PLATINUM2024

Friendly Center, Inc.

Helping families since 1924

aka Friendly Center   |   Orange, CA   |  www.friendlycenter.org

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Friendly Center, Inc.

EIN: 95-2479833


Mission

Providing stability, opportunity, and hope to children and families in poverty.

Ruling year info

1967

President/CEO

Kenia Cueto

Main address

2200 W Orangewood Ave Ste 240

Orange, CA 92868 USA

Show more contact info

EIN

95-2479833

Subject area info

Elementary and secondary education

Mental health counseling

Family services

Rent and mortgage assistance

Population served info

Families

Non-adult children

Economically disadvantaged people

NTEE code info

Family Services (P40)

Elementary, Secondary Ed (B20)

Counseling Support Groups (F60)

What we aim to solve

SOURCE: Self-reported by organization

Friendly Center’s aims to address the gap in resources that exists in Orange County for low-income families struggling to overcome the barriers of poverty. To address this need, Friendly Center offers over 15 free, wraparound programs and supportive services year-round; each of which fall under our 3 program pillars: Family Support, Hunger Relief, and Education Opportunity. Friendly Center’s programs and services are designed to both meet clients’ immediate needs while providing resources to gain long term self-sufficiency.

Our programs

SOURCE: Self-reported by organization

What are the organization's current programs, how do they measure success, and who do the programs serve?

The Power of Me

Friendly Center's after school tutoring program began in 1998 to address the problems of school failure, high school drop-outs, and gang involvement that plague children and youth in our community. Today, our program, The Power of Me, provides free academic tutoring programs at three locations for kindergarten through middle school students from low-income families. Programs include homework help and STEAM (Science, Technology, Engineering, Arts, and Math) focused enrichment activities to close the achievement gap and reduce dropout rates among at-risk K-8th grade students. Friendly Center's goal is to help our students achieve high school graduation and post high school educational opportunities. We know the generational cycle of poverty can be broken through the successful education of our young people.

Population(s) Served
Non-adult children
Economically disadvantaged people

Comprehensive Family Services (CFS) addresses the barriers that poverty stricken families face by offering free programs and services that work to physically, economically, and emotionally strengthen families. The goal is to break the cycle of generational poverty, creating stronger households enabling children to grow up in safer communities. Using the family resource center model, low-income families and individuals have access to an array of over 20 free services and programs at each of our sites. Friendly Center is deeply rooted in the community and is a trusted resource offering an environment that is welcoming, respectful, and culturally competent. English, Spanish and Vietnamese languages are spoken, reflecting the diversity of the communities we serve. CFS are responsive programs that are designed to help low-income families, as well as those in emergency situations, by providing services, support, and encouragement as they move toward self-sufficiency.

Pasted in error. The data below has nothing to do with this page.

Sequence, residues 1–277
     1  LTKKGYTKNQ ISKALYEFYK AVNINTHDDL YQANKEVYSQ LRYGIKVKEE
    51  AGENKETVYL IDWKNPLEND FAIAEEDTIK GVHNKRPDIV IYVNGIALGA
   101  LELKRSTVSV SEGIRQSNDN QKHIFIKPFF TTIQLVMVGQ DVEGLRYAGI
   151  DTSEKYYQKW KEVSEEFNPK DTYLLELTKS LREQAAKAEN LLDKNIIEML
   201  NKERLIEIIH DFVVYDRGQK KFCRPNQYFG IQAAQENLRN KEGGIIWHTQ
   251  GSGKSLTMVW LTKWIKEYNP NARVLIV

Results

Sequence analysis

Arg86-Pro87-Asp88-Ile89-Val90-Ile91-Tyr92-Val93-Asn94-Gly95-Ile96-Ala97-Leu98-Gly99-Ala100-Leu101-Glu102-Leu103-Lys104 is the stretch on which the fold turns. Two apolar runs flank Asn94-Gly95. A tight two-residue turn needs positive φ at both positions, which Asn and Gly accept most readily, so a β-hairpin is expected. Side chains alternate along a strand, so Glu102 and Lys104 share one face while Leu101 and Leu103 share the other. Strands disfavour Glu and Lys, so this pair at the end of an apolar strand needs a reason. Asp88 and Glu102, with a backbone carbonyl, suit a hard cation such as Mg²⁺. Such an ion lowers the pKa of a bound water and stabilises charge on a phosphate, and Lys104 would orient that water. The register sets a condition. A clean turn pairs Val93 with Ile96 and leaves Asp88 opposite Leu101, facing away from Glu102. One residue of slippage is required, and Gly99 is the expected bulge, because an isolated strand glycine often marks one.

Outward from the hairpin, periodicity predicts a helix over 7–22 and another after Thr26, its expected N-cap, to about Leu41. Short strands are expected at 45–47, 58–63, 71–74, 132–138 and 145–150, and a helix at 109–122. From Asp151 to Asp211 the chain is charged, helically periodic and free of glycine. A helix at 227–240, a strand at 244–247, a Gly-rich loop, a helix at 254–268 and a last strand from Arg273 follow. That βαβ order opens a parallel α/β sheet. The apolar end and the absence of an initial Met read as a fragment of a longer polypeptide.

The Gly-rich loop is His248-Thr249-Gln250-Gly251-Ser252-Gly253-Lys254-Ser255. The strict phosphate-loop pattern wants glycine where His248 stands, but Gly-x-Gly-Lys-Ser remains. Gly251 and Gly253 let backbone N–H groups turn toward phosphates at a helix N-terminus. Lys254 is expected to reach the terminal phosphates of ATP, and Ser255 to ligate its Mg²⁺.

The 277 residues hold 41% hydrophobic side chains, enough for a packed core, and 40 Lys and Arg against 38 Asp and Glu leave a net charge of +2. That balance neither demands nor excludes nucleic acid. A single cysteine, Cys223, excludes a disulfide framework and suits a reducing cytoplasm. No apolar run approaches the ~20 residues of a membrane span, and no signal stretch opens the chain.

Population(s) Served
Families

Friendly Center's Community Food program offer families multiple ways to receive food support based on their needs. This is achieved through two primary program components: Food Distribution Events and Emergency Food Assistance. Food Distribution Events are a reliable resource that offer families a variety of fresh and shelf-stable food items. When a family's needs cannot wait until the next distribution, Emergency Food Assistance is available.

Population(s) Served
Economically disadvantaged people
Older adults
Families

Where we work

Our results

SOURCE: Self-reported by organization

How does this organization measure their results? It's a hard question but an important one.

Number of people within the organization's service area accessing food aid

This metric is no longer tracked.
Totals By Year
Population(s) Served

Economically disadvantaged people

Type of Metric

Output - describing our activities and reach

Direction of Success

Increasing

Context Notes

Families participating in emergency food assistance and supplemental food programs.

Number of personal development plans in place

This metric is no longer tracked.
Totals By Year
Population(s) Served

Families, Economically disadvantaged people

Related Program

Comprehensive Family Services

Type of Metric

Output - describing our activities and reach

Direction of Success

Increasing

Context Notes

Families work one on one with staff in case management to develop plans with goals aimed toward self-sufficiency.

Number of children served

This metric is no longer tracked.
Totals By Year
Population(s) Served

Economically disadvantaged people

Type of Metric

Output - describing our activities and reach

Direction of Success

Increasing

Number of volunteers

This metric is no longer tracked.
Totals By Year
Type of Metric

Input - describing resources we use

Direction of Success

Increasing

Our Sustainable Development Goals

SOURCE: Self-reported by organization

Learn more about Sustainable Development Goals.

Goals & Strategy

SOURCE: Self-reported by organization

Learn about the organization's key goals, strategies, capabilities, and progress.

Charting impact

Four powerful questions that require reflection about what really matters - results.

Friendly Center’s vision is to end the cycle of generational poverty in Orange County. We aim to achieve this vision by offering comprehensive, high-impact programs to low-income families that both alleviate immediate crises and offer the tools to build a more stable, hopeful future.

1. Offer programs and services through community-based resource centers in easily accessible locations.